The exclosure protects a lower section of the south-facing slope of the peak, An Socach, which is one of the ‘Munros’ ( as hills over 3,000 feet in elevation are called in Scotland) in the glen. The exclosure takes its name from the Gaelic place name for the hillside, ‘Carnach Mor’, which means ‘great stony place’. It’s a very fitting description as the slope is characterised by a lot of rocks and boulders, many of which are covered in moss and must have fallen, over time, from the craggy rock face higher up. On the steeper sections of the slope, outside the exclosure, this rocky terrain enabled some old rowans to grow and thrive, out of reach of deer, and a solitary young pine was growing there at an elevation of 450 metres when Adam Powell, our Field Officer at the time, first surveyed the area in October 1992.
Carnach Mor was the first area where we planted trees on West Affric, as the two earlier exclosures, Coire Ghaidheil and Allt Beithe Garbh, were both planned exclusively for natural regeneration. With only a handful of old trees growing outside the fence at Carnach Mor, the opportunities for natural regeneration there were much more limited, although 25% of the area was left for trees to grow there spontaneously. In the remaining 18 hectares our volunteers planted a total of 15,500 trees in autumn 1996 and spring 1997. These were mostly broadleaved trees, especially downy birch, rowan and eared willow, but also including some alder, aspen and juniper. Crucially, we also planted some Scots pines there – this was the only site on West Affric where NTS agreed to have pines planted. In their view the area would naturally have had only broadleaves, but because of the lone young pine occurring just above the exclosure, they accepted that some could also be planted inside it.
The planting was done at a relatively low density, to allow for natural regeneration, and to create an open woodland, and this is readily apparent from the distribution of the trees in the exclosure today. Not all the planted trees survived, due to the harsh climate and very exposed aspect of the site, but those that did so are growing well now. Some of the Scots pines began flowering several years ago, and have been producing cones and seed since then. They provide the opportunity for further natural spontaneous regeneration of new pines there, and some very young rowans can be seen in various parts of the exclosure, having grown from seeds brought in by birds that ate the berries of mature rowans elsewhere.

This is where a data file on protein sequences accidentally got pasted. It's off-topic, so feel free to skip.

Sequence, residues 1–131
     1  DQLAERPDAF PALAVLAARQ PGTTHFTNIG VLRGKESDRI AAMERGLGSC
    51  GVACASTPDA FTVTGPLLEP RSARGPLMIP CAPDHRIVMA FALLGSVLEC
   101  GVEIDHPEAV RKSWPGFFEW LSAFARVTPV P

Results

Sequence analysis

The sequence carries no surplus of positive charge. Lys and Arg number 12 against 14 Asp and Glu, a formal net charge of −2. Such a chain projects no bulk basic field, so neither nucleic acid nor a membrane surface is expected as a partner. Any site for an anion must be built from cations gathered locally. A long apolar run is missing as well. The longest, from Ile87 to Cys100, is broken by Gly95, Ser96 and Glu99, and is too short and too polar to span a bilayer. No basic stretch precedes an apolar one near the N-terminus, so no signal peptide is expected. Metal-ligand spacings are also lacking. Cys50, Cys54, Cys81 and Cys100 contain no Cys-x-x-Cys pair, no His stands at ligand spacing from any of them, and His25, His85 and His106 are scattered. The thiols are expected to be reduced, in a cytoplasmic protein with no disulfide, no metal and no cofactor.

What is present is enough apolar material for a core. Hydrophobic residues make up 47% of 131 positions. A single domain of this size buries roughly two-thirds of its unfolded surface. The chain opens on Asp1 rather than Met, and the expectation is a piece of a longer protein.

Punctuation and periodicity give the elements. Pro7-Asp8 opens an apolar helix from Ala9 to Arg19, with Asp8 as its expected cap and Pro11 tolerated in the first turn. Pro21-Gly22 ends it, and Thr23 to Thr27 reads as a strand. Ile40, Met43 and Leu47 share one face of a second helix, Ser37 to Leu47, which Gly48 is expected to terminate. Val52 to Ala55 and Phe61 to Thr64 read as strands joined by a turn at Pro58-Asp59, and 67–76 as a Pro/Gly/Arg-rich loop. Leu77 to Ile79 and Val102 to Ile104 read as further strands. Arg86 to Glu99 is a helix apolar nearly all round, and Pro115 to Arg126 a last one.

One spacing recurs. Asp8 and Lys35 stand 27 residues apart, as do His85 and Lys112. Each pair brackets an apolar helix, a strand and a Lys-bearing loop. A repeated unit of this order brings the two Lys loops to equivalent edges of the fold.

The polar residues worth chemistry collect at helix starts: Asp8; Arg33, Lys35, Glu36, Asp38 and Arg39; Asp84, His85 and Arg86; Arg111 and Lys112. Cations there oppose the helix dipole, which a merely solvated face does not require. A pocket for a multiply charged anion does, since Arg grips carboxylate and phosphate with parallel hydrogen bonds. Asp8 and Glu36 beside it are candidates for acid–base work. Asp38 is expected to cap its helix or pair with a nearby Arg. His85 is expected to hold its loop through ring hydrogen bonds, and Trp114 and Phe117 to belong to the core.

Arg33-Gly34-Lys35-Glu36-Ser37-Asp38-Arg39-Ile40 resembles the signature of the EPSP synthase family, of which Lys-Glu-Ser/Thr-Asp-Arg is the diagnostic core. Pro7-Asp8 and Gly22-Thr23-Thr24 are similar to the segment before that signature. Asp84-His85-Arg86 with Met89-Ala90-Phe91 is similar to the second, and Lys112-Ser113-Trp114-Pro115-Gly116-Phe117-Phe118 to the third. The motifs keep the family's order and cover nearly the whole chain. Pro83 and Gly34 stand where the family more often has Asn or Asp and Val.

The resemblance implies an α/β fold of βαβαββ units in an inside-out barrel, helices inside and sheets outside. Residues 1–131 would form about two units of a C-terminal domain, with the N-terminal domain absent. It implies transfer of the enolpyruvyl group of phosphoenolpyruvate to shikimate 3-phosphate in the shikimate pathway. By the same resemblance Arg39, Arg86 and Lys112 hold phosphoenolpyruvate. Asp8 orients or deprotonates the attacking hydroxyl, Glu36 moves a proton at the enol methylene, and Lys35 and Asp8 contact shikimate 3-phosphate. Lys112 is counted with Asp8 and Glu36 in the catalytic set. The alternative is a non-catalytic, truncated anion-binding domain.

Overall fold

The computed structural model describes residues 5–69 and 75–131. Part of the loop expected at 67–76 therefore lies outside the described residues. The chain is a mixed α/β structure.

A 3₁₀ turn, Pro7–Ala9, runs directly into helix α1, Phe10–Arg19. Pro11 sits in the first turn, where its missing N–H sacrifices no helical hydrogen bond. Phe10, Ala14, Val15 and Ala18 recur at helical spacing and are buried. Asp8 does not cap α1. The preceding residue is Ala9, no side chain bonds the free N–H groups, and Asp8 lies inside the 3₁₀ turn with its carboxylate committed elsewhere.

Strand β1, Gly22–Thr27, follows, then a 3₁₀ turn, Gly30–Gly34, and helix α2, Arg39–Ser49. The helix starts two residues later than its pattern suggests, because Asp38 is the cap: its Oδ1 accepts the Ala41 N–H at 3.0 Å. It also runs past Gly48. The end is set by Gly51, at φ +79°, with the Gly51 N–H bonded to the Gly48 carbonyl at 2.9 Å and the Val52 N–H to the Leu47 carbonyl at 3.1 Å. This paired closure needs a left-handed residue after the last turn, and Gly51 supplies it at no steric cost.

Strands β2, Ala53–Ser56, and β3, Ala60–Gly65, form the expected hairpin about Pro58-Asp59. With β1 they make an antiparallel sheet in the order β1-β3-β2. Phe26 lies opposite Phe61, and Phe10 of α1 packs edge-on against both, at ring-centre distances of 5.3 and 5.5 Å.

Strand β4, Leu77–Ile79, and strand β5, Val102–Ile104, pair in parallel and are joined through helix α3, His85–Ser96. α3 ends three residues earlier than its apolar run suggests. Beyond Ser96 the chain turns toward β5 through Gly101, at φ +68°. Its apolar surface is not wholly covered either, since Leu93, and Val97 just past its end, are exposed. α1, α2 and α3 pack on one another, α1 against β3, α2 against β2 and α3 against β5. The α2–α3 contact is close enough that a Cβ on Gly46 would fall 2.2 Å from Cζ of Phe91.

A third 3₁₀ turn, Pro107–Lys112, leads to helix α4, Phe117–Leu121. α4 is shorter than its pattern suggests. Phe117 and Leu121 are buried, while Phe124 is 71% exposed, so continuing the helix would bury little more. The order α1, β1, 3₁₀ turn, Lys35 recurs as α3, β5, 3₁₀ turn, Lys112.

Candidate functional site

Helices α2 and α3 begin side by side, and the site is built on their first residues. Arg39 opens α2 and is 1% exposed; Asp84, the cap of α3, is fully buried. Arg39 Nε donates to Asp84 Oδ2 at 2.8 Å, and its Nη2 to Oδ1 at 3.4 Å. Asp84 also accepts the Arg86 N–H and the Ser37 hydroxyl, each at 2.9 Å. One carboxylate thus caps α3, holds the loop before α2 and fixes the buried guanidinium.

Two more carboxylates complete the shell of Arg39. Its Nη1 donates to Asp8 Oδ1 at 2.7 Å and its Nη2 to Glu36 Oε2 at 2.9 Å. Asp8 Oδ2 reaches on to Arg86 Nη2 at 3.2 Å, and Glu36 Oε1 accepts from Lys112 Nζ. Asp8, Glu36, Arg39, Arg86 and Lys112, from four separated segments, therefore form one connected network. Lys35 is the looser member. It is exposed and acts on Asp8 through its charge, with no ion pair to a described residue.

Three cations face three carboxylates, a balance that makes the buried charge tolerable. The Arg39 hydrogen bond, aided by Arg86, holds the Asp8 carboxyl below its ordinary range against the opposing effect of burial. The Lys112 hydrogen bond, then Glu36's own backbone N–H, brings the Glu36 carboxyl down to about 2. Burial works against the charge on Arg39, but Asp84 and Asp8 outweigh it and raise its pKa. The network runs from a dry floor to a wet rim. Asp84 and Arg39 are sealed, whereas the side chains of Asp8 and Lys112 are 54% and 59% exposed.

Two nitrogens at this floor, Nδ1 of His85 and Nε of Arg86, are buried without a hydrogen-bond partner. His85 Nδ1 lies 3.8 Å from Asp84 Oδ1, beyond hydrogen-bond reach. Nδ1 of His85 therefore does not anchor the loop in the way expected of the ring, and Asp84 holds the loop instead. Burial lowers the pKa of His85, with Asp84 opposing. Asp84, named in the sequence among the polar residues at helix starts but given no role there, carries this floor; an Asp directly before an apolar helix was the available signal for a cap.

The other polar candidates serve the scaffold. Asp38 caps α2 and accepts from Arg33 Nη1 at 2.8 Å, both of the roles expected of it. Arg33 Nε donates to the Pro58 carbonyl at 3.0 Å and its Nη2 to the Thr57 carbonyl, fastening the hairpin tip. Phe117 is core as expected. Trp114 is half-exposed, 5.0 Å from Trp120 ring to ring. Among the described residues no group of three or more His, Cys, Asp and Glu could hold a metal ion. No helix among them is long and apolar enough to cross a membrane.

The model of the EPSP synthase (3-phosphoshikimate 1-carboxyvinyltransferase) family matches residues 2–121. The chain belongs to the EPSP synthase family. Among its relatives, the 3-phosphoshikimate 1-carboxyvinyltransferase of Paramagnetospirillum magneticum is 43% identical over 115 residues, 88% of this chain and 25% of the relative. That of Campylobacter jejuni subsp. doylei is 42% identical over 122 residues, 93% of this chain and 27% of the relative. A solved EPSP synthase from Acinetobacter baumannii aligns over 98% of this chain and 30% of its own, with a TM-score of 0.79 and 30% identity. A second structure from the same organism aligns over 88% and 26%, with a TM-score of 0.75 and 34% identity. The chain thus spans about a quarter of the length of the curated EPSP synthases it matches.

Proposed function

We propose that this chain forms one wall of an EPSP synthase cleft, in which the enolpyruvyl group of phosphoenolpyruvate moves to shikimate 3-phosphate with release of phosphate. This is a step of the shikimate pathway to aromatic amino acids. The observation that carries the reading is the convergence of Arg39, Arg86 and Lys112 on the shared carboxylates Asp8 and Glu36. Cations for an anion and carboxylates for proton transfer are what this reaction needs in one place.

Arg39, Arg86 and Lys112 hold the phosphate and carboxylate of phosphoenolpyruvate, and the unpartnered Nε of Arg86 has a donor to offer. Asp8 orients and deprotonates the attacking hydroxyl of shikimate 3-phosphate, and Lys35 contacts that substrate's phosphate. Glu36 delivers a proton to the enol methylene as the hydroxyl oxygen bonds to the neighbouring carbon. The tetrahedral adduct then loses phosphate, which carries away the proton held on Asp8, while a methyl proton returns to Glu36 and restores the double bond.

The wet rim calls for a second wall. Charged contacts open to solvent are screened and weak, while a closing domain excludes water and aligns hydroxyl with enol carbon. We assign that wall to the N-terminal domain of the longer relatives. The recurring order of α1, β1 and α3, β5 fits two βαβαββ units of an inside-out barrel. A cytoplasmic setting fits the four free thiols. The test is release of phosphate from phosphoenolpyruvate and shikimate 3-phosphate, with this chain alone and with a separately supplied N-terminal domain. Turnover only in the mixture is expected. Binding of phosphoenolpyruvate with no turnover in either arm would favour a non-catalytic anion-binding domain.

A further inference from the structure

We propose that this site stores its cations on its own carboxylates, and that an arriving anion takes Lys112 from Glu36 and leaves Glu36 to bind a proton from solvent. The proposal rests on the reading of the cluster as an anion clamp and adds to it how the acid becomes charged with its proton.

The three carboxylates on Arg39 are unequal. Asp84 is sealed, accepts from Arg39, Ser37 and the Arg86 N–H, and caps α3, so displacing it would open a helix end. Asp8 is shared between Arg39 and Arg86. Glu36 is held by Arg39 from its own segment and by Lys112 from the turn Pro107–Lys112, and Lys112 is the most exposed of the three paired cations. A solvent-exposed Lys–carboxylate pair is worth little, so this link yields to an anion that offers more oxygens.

With the trees there now well-established, other parts of the forest ecosystem are returning spontaneously. Wherever the trees are clustered closely together and growing well, blaeberry plants are growing in their shade. Ferns as such golden-scaled male fern have sprung up in some places, and bracken is growing profusely in other areas. Significantly, the young woodland is providing a habitat for invertebrates, such as the striped bright micro-moth in one of the photographs. The larvae of this species feed by making mines in the leaves of birch trees, so they’ve been able to make this area their home again, as it recovers from many centuries of being tree-less. Insects such as this and the muscid fly on the opening buds of a Scots pine are food for birds, and they in turn bring in seeds of rowans and blaeberry plants, amongst others, in their gut. Acting as dispersal agents for those species, the birds help move the forest restoration process further forward.
As with the other fenced areas on West Affric, Carnach Mor is a key element in the sequence of ‘stepping stones’ of new woodland we’re helping to establish in the area. Over time, these will form the basis of a Forest Habitat Network that stretches from the native pinewoods at the eastern end of Glen Affric through to the West Coast.
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